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AECT 2009 - On Measuring Attrition: An Examination U.S. Virtual School Trial Period and Course Completion Policies

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Hawkins, A. & Barbour, M. K. (2009, October). On measuring attrition: An examination U.S. virtual school trial period and course completion policies. Reflective paper presented at the annual convention of the Association for Educational Communication and Technology, Louisville, KY.

This study examined variations in virtual school course enrollment trial periods and course completion policies?two policies that impact the comparability of school attrition statistics. Researchers contacted 169 U.S. virtual schools. Over 80% of respondents had trial periods. Trial period lengths and course completion definitions varied significantly and are discussed. Researchers recommend adopting multiple measures for calculating student attrition to enable meaningful comparisons among virtual and brick and mortar schools.

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AECT 2009 - On Measuring Attrition: An Examination U.S. Virtual School Trial Period and Course Completion Policies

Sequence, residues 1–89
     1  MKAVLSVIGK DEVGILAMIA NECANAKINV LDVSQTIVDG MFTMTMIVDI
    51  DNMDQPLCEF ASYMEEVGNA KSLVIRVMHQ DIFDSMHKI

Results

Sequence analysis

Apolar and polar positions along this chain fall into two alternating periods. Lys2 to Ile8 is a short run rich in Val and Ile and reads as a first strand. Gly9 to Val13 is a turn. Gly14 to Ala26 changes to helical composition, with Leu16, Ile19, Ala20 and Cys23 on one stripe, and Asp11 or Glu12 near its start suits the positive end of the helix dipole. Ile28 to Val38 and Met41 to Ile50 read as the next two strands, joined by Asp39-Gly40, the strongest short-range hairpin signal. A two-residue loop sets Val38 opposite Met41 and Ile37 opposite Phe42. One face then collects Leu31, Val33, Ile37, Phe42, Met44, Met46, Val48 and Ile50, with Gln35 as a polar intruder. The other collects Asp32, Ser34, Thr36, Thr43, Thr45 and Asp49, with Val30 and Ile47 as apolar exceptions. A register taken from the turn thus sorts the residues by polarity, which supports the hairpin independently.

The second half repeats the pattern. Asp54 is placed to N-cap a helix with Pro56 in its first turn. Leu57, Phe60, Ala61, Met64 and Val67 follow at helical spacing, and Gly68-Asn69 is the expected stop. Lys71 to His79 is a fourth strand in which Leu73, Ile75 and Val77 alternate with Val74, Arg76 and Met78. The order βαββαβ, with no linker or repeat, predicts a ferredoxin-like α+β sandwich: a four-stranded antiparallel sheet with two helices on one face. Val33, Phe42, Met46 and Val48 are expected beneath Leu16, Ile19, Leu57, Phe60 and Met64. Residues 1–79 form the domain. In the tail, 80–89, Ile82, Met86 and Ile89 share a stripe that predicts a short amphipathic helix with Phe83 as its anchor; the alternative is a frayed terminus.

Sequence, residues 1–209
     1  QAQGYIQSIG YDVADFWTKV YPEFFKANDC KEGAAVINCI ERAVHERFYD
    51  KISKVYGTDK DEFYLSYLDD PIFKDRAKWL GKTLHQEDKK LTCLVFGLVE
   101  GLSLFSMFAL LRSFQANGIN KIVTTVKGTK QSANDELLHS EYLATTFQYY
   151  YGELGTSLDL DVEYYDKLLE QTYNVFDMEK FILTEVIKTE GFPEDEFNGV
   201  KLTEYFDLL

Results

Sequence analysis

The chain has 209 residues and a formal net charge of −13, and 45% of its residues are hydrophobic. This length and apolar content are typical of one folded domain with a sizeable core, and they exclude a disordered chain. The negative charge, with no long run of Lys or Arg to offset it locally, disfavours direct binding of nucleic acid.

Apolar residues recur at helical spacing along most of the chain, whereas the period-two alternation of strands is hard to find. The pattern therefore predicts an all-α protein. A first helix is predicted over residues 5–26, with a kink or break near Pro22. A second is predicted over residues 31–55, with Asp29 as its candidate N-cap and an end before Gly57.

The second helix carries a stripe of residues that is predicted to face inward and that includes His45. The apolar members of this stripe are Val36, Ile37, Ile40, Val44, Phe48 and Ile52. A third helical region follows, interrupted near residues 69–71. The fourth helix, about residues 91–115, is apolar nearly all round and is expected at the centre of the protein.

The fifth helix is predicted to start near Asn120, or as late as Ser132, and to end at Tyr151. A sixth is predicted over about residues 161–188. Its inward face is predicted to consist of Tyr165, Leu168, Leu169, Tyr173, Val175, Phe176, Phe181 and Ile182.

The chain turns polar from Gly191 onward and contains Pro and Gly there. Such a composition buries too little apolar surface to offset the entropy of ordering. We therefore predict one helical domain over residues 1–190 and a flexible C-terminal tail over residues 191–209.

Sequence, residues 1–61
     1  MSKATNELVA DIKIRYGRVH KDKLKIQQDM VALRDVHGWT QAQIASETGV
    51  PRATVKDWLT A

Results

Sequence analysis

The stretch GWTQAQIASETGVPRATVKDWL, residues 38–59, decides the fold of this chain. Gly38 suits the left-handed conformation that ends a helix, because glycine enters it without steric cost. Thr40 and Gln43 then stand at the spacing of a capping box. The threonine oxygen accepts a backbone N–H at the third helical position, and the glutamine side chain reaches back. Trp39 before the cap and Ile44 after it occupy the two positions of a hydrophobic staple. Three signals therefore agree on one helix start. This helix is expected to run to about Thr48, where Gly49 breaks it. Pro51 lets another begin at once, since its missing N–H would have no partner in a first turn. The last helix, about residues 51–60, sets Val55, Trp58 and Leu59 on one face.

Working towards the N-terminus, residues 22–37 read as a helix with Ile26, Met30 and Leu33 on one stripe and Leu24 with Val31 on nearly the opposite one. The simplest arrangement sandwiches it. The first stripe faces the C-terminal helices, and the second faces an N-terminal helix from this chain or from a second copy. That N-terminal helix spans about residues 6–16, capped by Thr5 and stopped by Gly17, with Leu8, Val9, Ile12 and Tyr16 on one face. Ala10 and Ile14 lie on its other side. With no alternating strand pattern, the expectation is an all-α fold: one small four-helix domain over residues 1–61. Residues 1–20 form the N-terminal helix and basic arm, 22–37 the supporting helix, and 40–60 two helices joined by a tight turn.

1. 1. How are virtual schools calculating course completion rates? Abigail Hawkins Dr. Michael K. Barbour Brigham Young University Wayne State UniversityIntroduction Results Trial period length by days (n = 57) ConclusionsThere has been a rapid proliferation of virtual schools Of the 159 sampled, 86 schools responded to the survey, a There was a significant variation in trial period length andthroughout the United States. One challenge of such rapid 54.1% response rate varying by school type and region. 1 course completion definitions. We found that trial periods were agrowth has been adopting common metrics across virtual 3 fairly common practice among virtual schools and varied inschools to measure quality. Currently, no common metrics exist 7 length. We also found that the majority of schools defined ato calculate course completion rates Percentage of schools sampled & respondents 8 successful course completion as passing the course, though(Pape, Revenaugh, Watson, and Wicks 2006; 10 there was wide variation in what percentage constituted aSmith, Clark, and Blomeyer 2005, Watson and Ryan 2006). % of % of 14 “passing grade.” This documented variability strengthens the vUnfortunately completion rates are a key indicator commonly 15 call to standardize course completion metrics (Pape et al., 2006;used to measure the quality of virtual schools (Blomeyer and Characteristics Sample Respondents Length Smith et al., 2005; Watson et al., 2007). 20 School Type in daysDawson 2005). The absence of a common metric makes it 21difficult to draw comparisons on student retention and attrition Cyber Charter 21.1 18.6 28 The implications of this study are a need greater transparency vamong virtual schools. For Profit 5.6 1.2 30 and consistency in policies to facilitate meaningful comparisons 35 of retention rates. Though schools can have their internal Multi-district / 6.8 8.1 60 policies for calculating course completions, for statistical andPolicies that may affect completion rates Consortium >179 reporting purposes, all virtual schools should be required to startTrial period policy: Period when students can withdraw from a Private 13.0 14.0 counting students at the same time and in the same manner. 0 2 4 6 8 10 12 14course with no penalty and not be counted as officially being Single-district 30.4 30.2 Ideally, when and how students are counted ought to be similarenrolled (Watson et al., 2008). Number of Schools Figure 3. to how brick and mortar schools calculate course State-led 14.9 18.6 completions, thus allowing for meaningful comparisons ofCompletion definition policy: Determination of students who University-led 6.8 9.3 retention rates among virtual schools and brick and mortarare officially counted as successfully completing a course. Total Percentage 100% 100% Course completion definitions schools.Some schools define a student as completing a course if they All but two of the 86 schools provided qualitative definitions of amaster the material, others if they pass the course with a 60% Region completion. There was wide variation ranging from from “remaining Results from this study also provide a scope of polices currentlyor better, and others if they simply remain in the course. Central States 25.5 26.7 in the course regardless of the grade” to passing the course with an in practice that can aid policymakers’ efforts to create common Northeastern States 11.2 9.3 A- or better. Responses fell into three main categories: (1) metrics among virtual schools.Research Questions completion of the course within the allotted time frame regardless of Southeastern States 20.5 22.11. What are the trial period policies for US virtual the grade received, (2) completion of the course within an allotted Western States 41.6 41.9 time frame with a passing grade, and (3) deferring judgment to the schools? Total Percentage 100% 100% brick and mortar school the student physically attends. Chi Square a. How much variability exists across different types of virtual schools and regions of the country? Prevalence of trial periods Test for Independence (p=.05) indicated no significant relationships Literature cited between completion definitions and school type nor geographical Blomeyer, R. L. and M. Dawson. 2005. Policy context of virtual schools. In2. How do US virtual schools define course completions? location. Virtual Schools: Planning for Success,eds. Z. L. Berge and T. Clark, 61-  Majority of schools Defer Judgment a. How much variability exists across different types of 76. New York: Teachers College Press. sampled had trial periods 4%50 virtual schools and regions of the country? Pape, L., M. Revenaugh, J. Watson, and M. Wicks. 2006. Measuring (59 out of 86). No outcomes in K-12 online education programs: The need for common40 Trial  All but 1 state-led school Perio metrics. Distance Learning 3 (3): 51-59.30 Figure 1. States with had trial period. d 31% Smith, R., T. Clark, and R. L. Blomeyer. 2005. A synthesis of new research on Significant K-12 Online Grade Trial K-12 online learning. Naperville, IL: Learning Point Associates.20 Programs  Cyber charter and private Perio Irrelevant Figure 4. Course completion Watson, J. F., and J. Ryan, 2006. Keeping pace with k-12 online learning: A10 schools were evenly split. d 69% 33% definitions where grade is or review of state-level policy and practice. Vienna, VA: North American Grade Relevant is not a determining factor in Council for Online Learning. Available online at 0 Michael, I pulled these figures from  Northeastern states least 63% counting students as http://www.kpk12.com/downloads/KeepingPace_2006.pdf 1994 1997 2005 2006 2007 2008 several sources – CELT, Clark, & All of Watson’s keeping pace docs. How successful completers. likely to have trial periods do I cite this? Watson, J. F., and J. Ryan. 2007. Keeping pace with k-12 online learning: A (only 28.6% compared to review of state-level policy and practice. Vienna, VA: North American 70% Western and 83.3% Figure 2. Percent of schools Council for Online Learning. Available online at Southeastern). with and without a trial period. http://www.kpk12.com/downloads/KeepingPace_2007.pdf Examples of variation where grade is relevant Length of trial periodsMethods  Trail period lengths ranged from 1 day to 185 days. Definition n For further information Surveyed 159 schools taken from NACOL’s 2007 Online Passing course 37 Please contact Abby Hawkins at abbyhawkins7@gmail.com or Dr. Michael Barbour  Mean length was 19.61, when two extreme outliers were excluded. Passing course and final 2 at mkbarbour@gmail.com.Learning Clearinghouse List and state-led schools listed in Watson’s  2 and 4 week trial periods were the most common, accounting for over Completing four quarters with 60% or better 2 The entirety and more detailed discussion of the literature, methods, findings, and(2007) 50% of trial period lengths. See Figure 3. Passing with D/64% or better 1 implications will be printed in the AECT 2009 Conference Proceedings. Keeping Pace with K12 Online Learning. 6  One instance where an event, the submission of the first assignment, Passing with C-/70% or better Emailed three-question survey directly toprincipal, director, or marked the end of a trial period. Passing with B-/80% or better 4 registrar when possible. Passing with A-/90% or better 1  No significant difference between trial period length by school type or Made 4 contact attempts (2 by email, fax, telephone) to geographic location according to one-way ANOVA test. Total 53increase response rates. Sampled only K-12 virtual schools thatdo I need to mention the Michael, were state approved Michael, check out the side bar on regionally accredited. goegraphy and virtual school type the far left off tof the ppt slide to see taxonomy and where we got them an alternative view (table) of course from? completion definition information.